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apophis99942
03-04-2013, 10:58 PM
Pardon my ignorance, but is it possible to have two mtDNAs (maternal and paternal) present in the same person naturally before any surgery has taken place?

If this is true, does it then make sense to test the muscle mtDNA separately?

If so, then which population groups tend to have the highest likelihoods of paired mtDNAs in the same person pre-op?


Sequencing of blood mtDNA from the patient's healthy parents and from his paternal uncle demonstrated that the haplotype of the patient's muscle mtDNA was identical to that of his father's and uncle's blood (with the exception of the 2-bp deletion, which was found only in the patient). The haplotype of the patient's blood was identical to that of his mother. Analysis of mtDNA from both blood and muscle of the patient's sister found only the maternal mtDNA haplotype (data not shown).


The mtDNA from the patient's blood, hair roots, and cultured fibroblasts showed only the maternal haplotype.

The source (http://www.nejm.org/doi/pdf/10.1056/NEJMoa020350) for the above statements.

thetick
03-06-2013, 12:44 AM
The paper is from the NEJM which is highly respected. Since the papper is from 2002 it certainly was peer reviewed and any if false information was fond the paper would have been removed. Anyway that's the way it should work.

I suspect it's legit but very rare. Just like one can have XXY (Klinefelter syndrome).

apophis99942
03-06-2013, 05:32 AM
Does Klinefelter Syndrome require the presence of both paternal and maternal mitochondrial lineages in the patient? Or has this simply never or not usually been tested for?

Ann Turner
03-06-2013, 07:21 PM
Pardon my ignorance, but is it possible to have two mtDNAs (maternal and paternal) present in the same person naturally before any surgery has taken place?

If this is true, does it then make sense to test the muscle mtDNA separately?

If so, then which population groups tend to have the highest likelihoods of paired mtDNAs in the same person pre-op?





The source (http://www.nejm.org/doi/pdf/10.1056/NEJMoa020350) for the above statements.
That was a single case report, which involved a pathological change in the paternal mtDNA. Ordinarily, very few paternal mtDNA molecules enter the fertilized egg, and those are recognized and eliminated by some mechanism in the egg. It's possible that the pathological change interfered with the recognition process. After that report came out, many cases of mtDNA disorders were examined without finding another instance.

Klinefelter's is a result of faulty partitioning of the maternal and paternal chromosomes. When things work right, the paired chromosomes in the father split so that each sperm has exactly one copy of each chromosome, and ditto for the egg. But occasionally, the egg/sperm receive both chromosomes (or none). This is called "aneuploidy" (an abnormal number of chromosomes). Trisomy 21 (Down's syndrome) is another example of aneuploidy.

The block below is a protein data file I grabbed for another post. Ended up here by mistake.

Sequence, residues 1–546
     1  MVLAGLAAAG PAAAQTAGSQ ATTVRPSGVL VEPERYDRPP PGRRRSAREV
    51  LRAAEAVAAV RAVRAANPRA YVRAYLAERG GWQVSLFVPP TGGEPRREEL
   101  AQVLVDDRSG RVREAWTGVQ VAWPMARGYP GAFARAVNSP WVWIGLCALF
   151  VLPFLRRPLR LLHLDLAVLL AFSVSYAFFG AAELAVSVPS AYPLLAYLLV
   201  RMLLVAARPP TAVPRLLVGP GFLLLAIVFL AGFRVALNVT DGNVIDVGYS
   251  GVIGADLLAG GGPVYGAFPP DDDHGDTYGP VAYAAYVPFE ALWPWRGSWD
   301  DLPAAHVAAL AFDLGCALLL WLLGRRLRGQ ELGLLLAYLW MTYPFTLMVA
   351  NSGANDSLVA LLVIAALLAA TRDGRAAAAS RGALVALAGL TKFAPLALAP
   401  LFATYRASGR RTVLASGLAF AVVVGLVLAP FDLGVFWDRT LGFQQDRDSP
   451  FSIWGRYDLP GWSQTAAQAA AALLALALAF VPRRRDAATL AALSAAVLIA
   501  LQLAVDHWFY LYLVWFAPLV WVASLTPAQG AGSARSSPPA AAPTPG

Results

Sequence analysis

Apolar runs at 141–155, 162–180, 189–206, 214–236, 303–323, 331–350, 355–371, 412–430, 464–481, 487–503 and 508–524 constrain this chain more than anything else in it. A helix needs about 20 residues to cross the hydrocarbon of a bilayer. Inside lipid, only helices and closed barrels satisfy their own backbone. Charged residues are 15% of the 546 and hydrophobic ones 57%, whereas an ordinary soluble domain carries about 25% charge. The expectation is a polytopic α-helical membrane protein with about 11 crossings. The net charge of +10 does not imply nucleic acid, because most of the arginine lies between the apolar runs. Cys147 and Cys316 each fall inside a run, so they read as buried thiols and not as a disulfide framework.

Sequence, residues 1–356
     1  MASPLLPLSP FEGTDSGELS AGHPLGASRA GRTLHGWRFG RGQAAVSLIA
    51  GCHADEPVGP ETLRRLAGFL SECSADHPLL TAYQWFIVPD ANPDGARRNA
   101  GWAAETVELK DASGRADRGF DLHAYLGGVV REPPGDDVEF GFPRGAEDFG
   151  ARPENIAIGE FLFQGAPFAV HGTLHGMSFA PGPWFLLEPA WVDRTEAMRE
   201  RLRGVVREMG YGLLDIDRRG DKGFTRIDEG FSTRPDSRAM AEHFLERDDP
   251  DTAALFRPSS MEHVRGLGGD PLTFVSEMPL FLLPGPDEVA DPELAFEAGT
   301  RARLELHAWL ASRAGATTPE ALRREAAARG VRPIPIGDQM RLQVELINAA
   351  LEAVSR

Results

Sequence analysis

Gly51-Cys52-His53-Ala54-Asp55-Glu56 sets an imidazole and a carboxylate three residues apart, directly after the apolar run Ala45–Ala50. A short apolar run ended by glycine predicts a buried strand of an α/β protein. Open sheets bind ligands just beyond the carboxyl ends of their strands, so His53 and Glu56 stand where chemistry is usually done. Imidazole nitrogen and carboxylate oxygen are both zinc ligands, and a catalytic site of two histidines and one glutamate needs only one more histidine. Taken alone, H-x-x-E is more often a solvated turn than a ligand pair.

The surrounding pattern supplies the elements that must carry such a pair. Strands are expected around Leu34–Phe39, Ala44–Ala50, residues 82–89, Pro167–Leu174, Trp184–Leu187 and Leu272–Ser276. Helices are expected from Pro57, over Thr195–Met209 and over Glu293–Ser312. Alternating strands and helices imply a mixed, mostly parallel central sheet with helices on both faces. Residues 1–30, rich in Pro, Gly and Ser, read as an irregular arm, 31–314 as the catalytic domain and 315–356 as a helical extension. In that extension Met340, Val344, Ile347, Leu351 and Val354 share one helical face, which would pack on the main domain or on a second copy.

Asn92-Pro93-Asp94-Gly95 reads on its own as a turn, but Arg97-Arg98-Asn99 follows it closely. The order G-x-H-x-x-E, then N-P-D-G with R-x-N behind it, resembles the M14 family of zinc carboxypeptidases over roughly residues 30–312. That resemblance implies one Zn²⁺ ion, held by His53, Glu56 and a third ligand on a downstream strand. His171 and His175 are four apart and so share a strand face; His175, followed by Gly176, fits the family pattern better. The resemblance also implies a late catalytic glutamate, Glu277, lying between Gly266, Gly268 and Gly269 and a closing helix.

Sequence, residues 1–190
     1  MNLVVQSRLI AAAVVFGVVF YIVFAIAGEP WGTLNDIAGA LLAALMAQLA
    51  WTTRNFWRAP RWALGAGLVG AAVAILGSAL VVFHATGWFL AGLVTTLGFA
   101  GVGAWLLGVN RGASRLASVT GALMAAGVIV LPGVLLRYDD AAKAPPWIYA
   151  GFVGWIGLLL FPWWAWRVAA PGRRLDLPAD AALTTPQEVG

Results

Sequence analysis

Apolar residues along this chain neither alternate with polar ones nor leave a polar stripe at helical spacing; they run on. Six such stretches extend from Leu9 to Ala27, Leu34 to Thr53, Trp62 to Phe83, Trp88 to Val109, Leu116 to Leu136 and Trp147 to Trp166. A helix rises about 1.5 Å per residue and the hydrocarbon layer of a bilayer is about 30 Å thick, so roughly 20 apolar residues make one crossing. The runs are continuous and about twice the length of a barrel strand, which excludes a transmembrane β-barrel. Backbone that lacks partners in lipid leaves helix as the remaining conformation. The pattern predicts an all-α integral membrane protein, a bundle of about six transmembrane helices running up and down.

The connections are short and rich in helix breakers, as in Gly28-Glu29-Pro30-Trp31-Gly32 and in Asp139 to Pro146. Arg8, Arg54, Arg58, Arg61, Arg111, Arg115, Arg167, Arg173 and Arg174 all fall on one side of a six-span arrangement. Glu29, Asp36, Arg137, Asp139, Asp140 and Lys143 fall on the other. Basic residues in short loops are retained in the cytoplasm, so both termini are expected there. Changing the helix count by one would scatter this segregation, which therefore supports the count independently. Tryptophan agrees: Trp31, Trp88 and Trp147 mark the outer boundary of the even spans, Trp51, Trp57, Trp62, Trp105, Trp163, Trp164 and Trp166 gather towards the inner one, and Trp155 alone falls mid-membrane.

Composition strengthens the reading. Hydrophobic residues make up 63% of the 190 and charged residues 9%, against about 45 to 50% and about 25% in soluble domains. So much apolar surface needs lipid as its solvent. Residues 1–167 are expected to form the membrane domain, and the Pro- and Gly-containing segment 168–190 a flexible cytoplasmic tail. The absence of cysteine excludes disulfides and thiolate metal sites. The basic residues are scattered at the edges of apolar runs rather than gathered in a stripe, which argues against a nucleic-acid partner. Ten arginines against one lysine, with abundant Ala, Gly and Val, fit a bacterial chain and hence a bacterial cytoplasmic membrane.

apophis99942
03-08-2013, 01:28 AM
Yes, but:

- how does one account for heteroplasmy? Or is it simply sample mix-up/contamination of forensic cases?

- why should one necessarily label the NEJM case as "pathological"? What if the patient had inherited some good bio trait from his paternal mtDNA?

Source (http://en.wikipedia.org/wiki/Paternal_mtDNA_transmission)

Ann Turner
03-09-2013, 05:43 PM
Yes, but:

- how does one account for heteroplasmy? Or is it simply sample mix-up/contamination of forensic cases?

- why should one necessarily label the NEJM case as "pathological"? What if the patient had inherited some good bio trait from his paternal mtDNA?

Source (http://en.wikipedia.org/wiki/Paternal_mtDNA_transmission)
Heteroplasmy occurs when one mtDNA molecule (out of thousands in a cell) has a mutation. This is happening all the time, but most of the time it's not detectable. I wrote a column about it for JoGG.

http://www.jogg.info/21/SatiableCuriosity.pdf

The patient was studied because of lifelong severe exercise intolerance due to mitochondrial dysfunction.

http://www.nejm.org/doi/pdf/10.1056/NEJMoa020350

apophis99942
03-09-2013, 06:32 PM
So one's mtDNA haplogroup assignment at a DNA test = >20% of the total mitochondria?

Ann Turner
03-09-2013, 07:30 PM
So one's mtDNA haplogroup assignment at a DNA test = >20% of the total mitochondria?
I'm not sure I understand. The haplogroup assignment is based on results for many different positions on the mtDNA molecule. Heteroplasmy at one position wouldn't change the whole haplogroup assignment.

apophis99942
03-11-2013, 09:24 AM
I meant 20% of the entire mtDNA molecule having positions which are heuristically common to one haplogroup rather than another.

So you're also saying that heteroplasmy seldom if ever occurs in more than one place simultaneously?

I think that there is a great lot about this that I misunderstand as well.

jlick
04-19-2013, 04:33 AM
I meant 20% of the entire mtDNA molecule having positions which are heuristically common to one haplogroup rather than another.

In my experience, heteroplasmy often occurs at random locations which are not defining mutations for the particular haplogroup for which the person belongs. The exception is for mutations which are known to be unstable, which is probably a reversion in progress. In any case, heteroplasmy seldom has an effect on the haplogroup assignment. I have added special handling to mthap for heteroplasmy matching, but actually I was unable to find a case where it made any difference.


So you're also saying that heteroplasmy seldom if ever occurs in more than one place simultaneously?

Multiple detectable heteroplasmy is extremely rare.